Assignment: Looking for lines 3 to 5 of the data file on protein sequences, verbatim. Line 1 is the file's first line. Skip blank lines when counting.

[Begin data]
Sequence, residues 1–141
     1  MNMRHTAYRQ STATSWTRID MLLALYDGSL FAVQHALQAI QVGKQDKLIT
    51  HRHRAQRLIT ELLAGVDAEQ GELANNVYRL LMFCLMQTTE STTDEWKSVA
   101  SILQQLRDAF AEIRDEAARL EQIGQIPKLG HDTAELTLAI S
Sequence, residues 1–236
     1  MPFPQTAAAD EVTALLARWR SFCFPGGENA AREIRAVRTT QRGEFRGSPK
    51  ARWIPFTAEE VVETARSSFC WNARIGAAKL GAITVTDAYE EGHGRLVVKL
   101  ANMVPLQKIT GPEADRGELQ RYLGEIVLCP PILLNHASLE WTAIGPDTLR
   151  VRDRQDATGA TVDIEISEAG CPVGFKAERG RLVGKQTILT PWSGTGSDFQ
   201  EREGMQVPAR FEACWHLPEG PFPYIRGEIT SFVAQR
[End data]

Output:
    51  HRHRAQRLIT ELLAGVDAEQ GELANNVYRL LMFCLMQTTE STTDEWKSVA
   101  SILQQLRDAF AEIRDEAARL EQIGQIPKLG HDTAELTLAI S
Sequence, residues 1–236